Britain's top shares dropped in early trade on Monday, led lower by banks and commodity stocks as euro zone debt jitters exacerbated by a political crisis in the Netherlands and French election results sapped demand for riskier assets.

In France, results from the first round of a presidential election showed Socialist candidate Francois Hollande marginally ahead of incumbent Nicolas Sarkozy. Some analysts said a defeat for Sarkozy in the May 6 second round could weaken cooperation between France and Germany in dealing with the debt crisis.

The Netherlands, a core euro zone member, was drawn into the crisis at the weekend when its government failed to agree on budget cuts, making elections almost unavoidable and casting doubt on its support for future euro zone measures.

With Holland being one of the cornerstones on which the euro zone was founded, rejection of austerity measures there has amplified ramifications for the rest of the euro zone, said Mike McCudden, Head of Derivatives at Interactive Investor.

More market talk of the dominoes taking their positions for the fall, with the spotlight cast over Spain and now Holland, has investors taking flight this morning as there is little news in the global picture to provide comfort.

At 0817 GMT, the FTSE 100 <.FTSE> index was down 78.35 points, or 1.4 percent at 5,693.80, dropping back below the psychologically important 5,700 level, having gained 0.5 percent on Friday to post its biggest weekly gain since February.

Banks <.FTNMX8350> suffered as concerns over their exposure to the euro zone debt crisis created uncertainty ahead of the sector's first-quarter results season.

Barclays , the first of the British banks to report, fell 2.2 percent ahead of its first-quarter results, due on Thursday April 26, and with its annual general meeting to be held on Friday, April 27.

The Local Authority Pension Fund Forum (LAPFF) has urged its members at the AGM to oppose the pay deal for Barclays' Chief Executive Bob Diamond, who is due to take home about 17 million pounds ($27.4 million) in salary, bonus and share awards for last year.

Miners <.FTNMX1770> were also among the biggest fallers as copper prices dropped after mixed factory activity data from China, the world's top consumer of metals.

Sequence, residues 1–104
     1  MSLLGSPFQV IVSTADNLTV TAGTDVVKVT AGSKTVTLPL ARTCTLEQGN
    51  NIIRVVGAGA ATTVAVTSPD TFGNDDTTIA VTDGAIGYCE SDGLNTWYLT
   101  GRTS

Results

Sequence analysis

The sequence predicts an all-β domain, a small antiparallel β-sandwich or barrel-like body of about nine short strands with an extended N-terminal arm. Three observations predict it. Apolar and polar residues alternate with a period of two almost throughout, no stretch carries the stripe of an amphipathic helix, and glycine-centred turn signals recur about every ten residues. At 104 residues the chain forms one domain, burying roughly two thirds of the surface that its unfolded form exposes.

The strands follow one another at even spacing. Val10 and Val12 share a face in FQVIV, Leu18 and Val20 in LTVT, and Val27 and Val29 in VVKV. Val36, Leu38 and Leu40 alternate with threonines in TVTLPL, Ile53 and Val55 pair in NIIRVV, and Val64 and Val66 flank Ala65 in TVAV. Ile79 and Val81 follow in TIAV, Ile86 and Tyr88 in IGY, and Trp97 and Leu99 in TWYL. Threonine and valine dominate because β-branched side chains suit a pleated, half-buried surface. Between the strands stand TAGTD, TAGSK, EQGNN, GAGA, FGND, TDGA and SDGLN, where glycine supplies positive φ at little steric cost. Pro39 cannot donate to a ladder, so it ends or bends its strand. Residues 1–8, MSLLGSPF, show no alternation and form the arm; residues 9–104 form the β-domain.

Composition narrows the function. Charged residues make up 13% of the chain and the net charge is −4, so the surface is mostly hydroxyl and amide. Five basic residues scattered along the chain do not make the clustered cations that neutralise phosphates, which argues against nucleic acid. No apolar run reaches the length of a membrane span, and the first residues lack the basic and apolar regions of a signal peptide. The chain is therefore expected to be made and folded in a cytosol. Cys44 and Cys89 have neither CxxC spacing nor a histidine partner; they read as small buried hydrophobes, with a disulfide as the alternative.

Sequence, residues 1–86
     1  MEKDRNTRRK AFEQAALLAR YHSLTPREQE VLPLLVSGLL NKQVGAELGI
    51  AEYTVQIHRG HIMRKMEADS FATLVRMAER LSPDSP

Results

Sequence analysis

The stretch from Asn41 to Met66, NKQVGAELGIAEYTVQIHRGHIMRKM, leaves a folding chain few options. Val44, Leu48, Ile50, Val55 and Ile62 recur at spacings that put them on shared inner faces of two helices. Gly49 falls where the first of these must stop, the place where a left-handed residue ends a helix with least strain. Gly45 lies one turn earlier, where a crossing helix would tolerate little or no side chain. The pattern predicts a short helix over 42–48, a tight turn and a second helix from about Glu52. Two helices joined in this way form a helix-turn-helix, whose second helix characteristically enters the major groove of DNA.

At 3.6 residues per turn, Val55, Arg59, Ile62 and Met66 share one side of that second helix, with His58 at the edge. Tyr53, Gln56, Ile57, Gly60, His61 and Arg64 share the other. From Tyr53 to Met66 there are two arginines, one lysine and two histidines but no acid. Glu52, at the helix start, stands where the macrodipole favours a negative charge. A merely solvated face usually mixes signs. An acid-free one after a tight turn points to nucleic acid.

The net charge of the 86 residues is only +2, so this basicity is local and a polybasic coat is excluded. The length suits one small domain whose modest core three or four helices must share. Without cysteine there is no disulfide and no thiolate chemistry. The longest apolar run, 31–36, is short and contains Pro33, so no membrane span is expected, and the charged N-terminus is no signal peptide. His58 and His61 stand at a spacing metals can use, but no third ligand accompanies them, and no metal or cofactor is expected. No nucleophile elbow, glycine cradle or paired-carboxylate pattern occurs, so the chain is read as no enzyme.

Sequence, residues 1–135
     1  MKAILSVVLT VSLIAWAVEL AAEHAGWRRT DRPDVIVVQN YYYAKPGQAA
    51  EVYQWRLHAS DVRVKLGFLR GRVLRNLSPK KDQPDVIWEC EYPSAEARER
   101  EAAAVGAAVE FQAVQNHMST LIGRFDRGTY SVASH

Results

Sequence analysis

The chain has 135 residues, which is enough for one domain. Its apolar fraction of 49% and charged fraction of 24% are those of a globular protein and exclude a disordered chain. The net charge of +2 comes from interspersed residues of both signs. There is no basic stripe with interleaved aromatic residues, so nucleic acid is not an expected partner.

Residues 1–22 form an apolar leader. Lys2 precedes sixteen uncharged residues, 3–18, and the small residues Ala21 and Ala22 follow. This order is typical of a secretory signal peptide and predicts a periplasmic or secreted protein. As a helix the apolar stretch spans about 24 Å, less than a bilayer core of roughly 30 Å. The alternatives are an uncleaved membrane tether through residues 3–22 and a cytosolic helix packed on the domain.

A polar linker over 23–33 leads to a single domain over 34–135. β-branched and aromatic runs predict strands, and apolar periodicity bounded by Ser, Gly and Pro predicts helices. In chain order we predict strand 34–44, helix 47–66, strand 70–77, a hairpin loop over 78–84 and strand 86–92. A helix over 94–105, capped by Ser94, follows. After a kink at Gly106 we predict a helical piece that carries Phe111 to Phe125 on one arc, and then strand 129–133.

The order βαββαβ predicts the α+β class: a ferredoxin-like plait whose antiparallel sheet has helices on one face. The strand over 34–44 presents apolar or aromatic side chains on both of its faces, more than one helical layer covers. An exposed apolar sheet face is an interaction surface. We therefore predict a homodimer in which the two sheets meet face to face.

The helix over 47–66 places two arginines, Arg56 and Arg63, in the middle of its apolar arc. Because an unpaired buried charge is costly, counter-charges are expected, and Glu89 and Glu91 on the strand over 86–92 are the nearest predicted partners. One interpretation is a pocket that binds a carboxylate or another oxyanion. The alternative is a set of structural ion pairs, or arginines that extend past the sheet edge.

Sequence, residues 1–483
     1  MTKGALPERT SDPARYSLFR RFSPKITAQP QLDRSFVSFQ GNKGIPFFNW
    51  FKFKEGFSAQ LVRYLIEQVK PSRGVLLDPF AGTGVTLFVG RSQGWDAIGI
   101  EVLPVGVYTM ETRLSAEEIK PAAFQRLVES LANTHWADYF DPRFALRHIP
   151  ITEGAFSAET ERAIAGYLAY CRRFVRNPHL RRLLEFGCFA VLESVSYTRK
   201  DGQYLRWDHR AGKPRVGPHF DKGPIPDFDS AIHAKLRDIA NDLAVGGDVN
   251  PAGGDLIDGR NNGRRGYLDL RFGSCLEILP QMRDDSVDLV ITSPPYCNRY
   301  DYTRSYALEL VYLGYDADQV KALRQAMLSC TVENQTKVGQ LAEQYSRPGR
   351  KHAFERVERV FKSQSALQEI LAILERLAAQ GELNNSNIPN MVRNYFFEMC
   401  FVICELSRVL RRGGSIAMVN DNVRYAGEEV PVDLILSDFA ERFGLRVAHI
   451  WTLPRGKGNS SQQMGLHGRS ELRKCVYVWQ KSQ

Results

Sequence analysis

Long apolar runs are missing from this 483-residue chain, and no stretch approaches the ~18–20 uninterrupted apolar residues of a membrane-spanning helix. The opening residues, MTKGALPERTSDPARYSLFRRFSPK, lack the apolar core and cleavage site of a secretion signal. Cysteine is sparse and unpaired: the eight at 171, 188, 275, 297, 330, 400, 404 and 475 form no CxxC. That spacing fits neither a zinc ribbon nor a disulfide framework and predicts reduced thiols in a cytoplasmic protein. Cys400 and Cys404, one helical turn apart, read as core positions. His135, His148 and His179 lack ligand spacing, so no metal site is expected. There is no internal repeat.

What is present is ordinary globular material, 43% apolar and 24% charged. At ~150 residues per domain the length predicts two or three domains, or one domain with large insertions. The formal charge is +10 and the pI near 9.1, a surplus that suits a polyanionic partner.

China's factories posted their best performance this year as a measure of new business rose from multi-month lows in April, with the HSBC flash PMI at 49.1 vs final March reading of 48.3, but overall activity still contracted for a sixth successive month.

Integrated oils <.FTNMX0530> were also a big drag on the blue chips as crude prices fell back on the China data and more euro zone uncertainty.

SKY SUPPORTED

There were just two blue chip gainers early on.

BSkyB rose 1.4 percent supported by its ongoing share buy-back programme, and ahead of third-quarter results due on May 2. Investors will be looking to see what changes might occur at the satellite broadcaster now that James Murdoch has stepped down as its chairman.

Market heayweight Vodafone gained 0.2 percent after it agreed to buy C&W Worldwide for 38 pence a share in cash, valuing the mid-cap firm at 1.04 billion pounds in total and adding a fixed line network to its wireless operations.

C&W Worldwide (CWW) was easily the top gainer on the London market, jumping 16.5 percent to just below the offer price.

We believe this offer is positive for CWW as there was still some scepticism in the market that Vodafone would bid at all, particularly after Tata Communications (TCOM) stated last Wednesday that it was not going to bid because it was unable to reach agreement with CWW on an offer price, Espirito Santo Investment Bank said in a note.

We note TCOM can now re-enter the process with a counter bid although we think this is unlikely at this level.

(Editing by Catherine Evans)